Granny's Notes - the writing of Sue Gerard

‘Kentucky’s best’ started settlement of Columbia

In my last three columns I’ve attempted to describe the transition of our wilderness into a planned community by concerned, ambitious citizens working together on the frontier. A time line of events may help us put local history into perspective:

Before 1800 — In Kentucky, Daniel Boone taught his sons to boil saline water to make salt. American Indians hunted and farmed in our area, moving frequently.

1700-1800 — Many of "Kentucky’s best" followed the Boones to "Upper Louisiana" stopping near present day St. Charles.

1803 — Young Nathan Boone started building a three-story, "blue limestone" mansion with his father’s help. Sixty-eight year-old Daniel Boone and his wife, Rebecca, lived out their lives in a dirt-floor cabin near Nathan and Olive.

Meriwether Lewis and William Clark began their long exploration for President Thomas Jefferson.

1804 or 1805 — When on a long hunt, friendly American Indians told Daniel Boone the location of a spring where animals licked the ground to get salt.

1806 — Nathan and D. Morgan Boone went 150 miles west, located the spring and planned how they’d manufacture salt there; they continued the mansion project.

1807 — Nathan and Morgan, with three helpers, returned with 12 iron kettles and loads of tools and supplies, and began to make salt, dry it and ship it by keel boat to St. Louis. There was no settlement in what would become Boone County. Missouri would become a state 14 years later.

1808 — Nathan and Morgan Boone expanded the salt "factory" bringing square iron kettles made with rounded bottoms, providing more rapid evaporation.

1809 — Benjamin, Braxton and Sarshall Cooper planted a corn crop near, but were driven back by hostile American Indians.

1810 — Cooper returned and established the first settlement, numbering 150 people. Nathan Boone and his helpers completed the first three-story limestone mansion west of the Mississippi River.

1811 — The Boones sold the salt works. Indians and settlers enjoyed two years of peaceful coexistence in "Upper Louisiana."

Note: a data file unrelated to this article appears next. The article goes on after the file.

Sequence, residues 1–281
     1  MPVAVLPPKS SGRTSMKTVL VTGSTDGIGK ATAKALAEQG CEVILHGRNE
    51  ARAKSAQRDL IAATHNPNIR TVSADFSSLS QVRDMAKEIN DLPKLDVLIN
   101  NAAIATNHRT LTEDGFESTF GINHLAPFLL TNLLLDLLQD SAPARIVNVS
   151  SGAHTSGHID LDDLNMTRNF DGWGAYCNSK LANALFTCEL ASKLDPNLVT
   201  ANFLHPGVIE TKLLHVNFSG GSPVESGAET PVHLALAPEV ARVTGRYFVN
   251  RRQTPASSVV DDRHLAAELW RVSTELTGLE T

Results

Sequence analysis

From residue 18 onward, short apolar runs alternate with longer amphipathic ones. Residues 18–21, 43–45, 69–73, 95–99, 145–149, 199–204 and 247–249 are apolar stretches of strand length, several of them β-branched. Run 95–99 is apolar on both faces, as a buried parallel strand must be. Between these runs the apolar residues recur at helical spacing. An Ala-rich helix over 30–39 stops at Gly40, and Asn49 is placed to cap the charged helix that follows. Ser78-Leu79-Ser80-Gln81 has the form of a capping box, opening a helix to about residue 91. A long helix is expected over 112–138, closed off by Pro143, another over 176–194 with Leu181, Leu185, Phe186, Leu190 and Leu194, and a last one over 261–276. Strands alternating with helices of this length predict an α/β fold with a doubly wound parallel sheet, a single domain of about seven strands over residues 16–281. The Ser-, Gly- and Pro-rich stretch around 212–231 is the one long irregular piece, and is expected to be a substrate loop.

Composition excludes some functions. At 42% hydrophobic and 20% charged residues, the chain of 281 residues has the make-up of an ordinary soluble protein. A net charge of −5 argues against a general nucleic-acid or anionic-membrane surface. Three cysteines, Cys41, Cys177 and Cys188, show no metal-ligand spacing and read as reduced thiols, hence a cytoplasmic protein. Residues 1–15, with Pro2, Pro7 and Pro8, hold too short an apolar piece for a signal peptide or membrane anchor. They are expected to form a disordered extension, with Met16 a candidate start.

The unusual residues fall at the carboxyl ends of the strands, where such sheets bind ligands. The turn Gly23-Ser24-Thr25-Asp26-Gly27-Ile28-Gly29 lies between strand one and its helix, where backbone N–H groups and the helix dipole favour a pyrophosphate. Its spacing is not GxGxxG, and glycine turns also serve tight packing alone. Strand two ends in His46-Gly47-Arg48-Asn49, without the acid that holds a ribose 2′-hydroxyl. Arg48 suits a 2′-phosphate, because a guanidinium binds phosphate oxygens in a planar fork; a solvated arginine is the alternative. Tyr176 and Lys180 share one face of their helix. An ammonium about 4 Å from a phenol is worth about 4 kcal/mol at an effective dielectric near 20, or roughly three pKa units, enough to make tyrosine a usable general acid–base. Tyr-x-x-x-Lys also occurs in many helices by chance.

1812 — Earthquake tragedy in southeast Missouri; President Jefferson offered free land near Rocheport; 20 families moved, others came later. War! Britain incited the American Indians and provided arms and ammunition to fight the Europeans. Settlers sought protection in forts; their lives were in danger for more than two years.

1815 — End of War of 1812; "Kentucky’s best," mostly from Head’s Fort north of Rocheport, peacefully worked to improve their farms and homes. American Indians released all claims north of the Missouri River.

1816-18 — Many Kentucky wagons bypassed our area to settle in or near Franklin. The river town had churches, schools, a factory, a newspaper, a jail and more.

1818 — U.S. government sold land for $4 to $6 per acre. Thirty-five enterprising men bought more than 2700 acres to use or resell. A cluster of five or six log cabins called Smithton overlooked Flat Branch and what would later be Columbia’s business district. Many new families wanted to settle there.

1819-20 — Water wells at Smithton, north of today’s Grant School, did not supply enough water. Residents became discontented. "Smithton Company" planned and mapped a city down the hill where abundant water was available, calling it "Columbia." Many wagons arrived. Sellers traded for hilltop lots of equal value.

1821 — Smithton residents dismantled their cabins and moved them to Columbia. Much farmland was sold throughout the area.

1823 — Booneslick Trail was rerouted to bring wagons down Columbia’s Broadway. David Gordon’s two-story brick home was built with hand-formed bricks and homemade plaster — the first of its kind. Standing in the midst of crude log cabins and forests to be cleared, it was called "a sentinel guarding Columbia’s eastern portal."

1999 — A hundred and seventy-six years later, "Gordon Manor’s ruins guard Columbia’s eastern portal."

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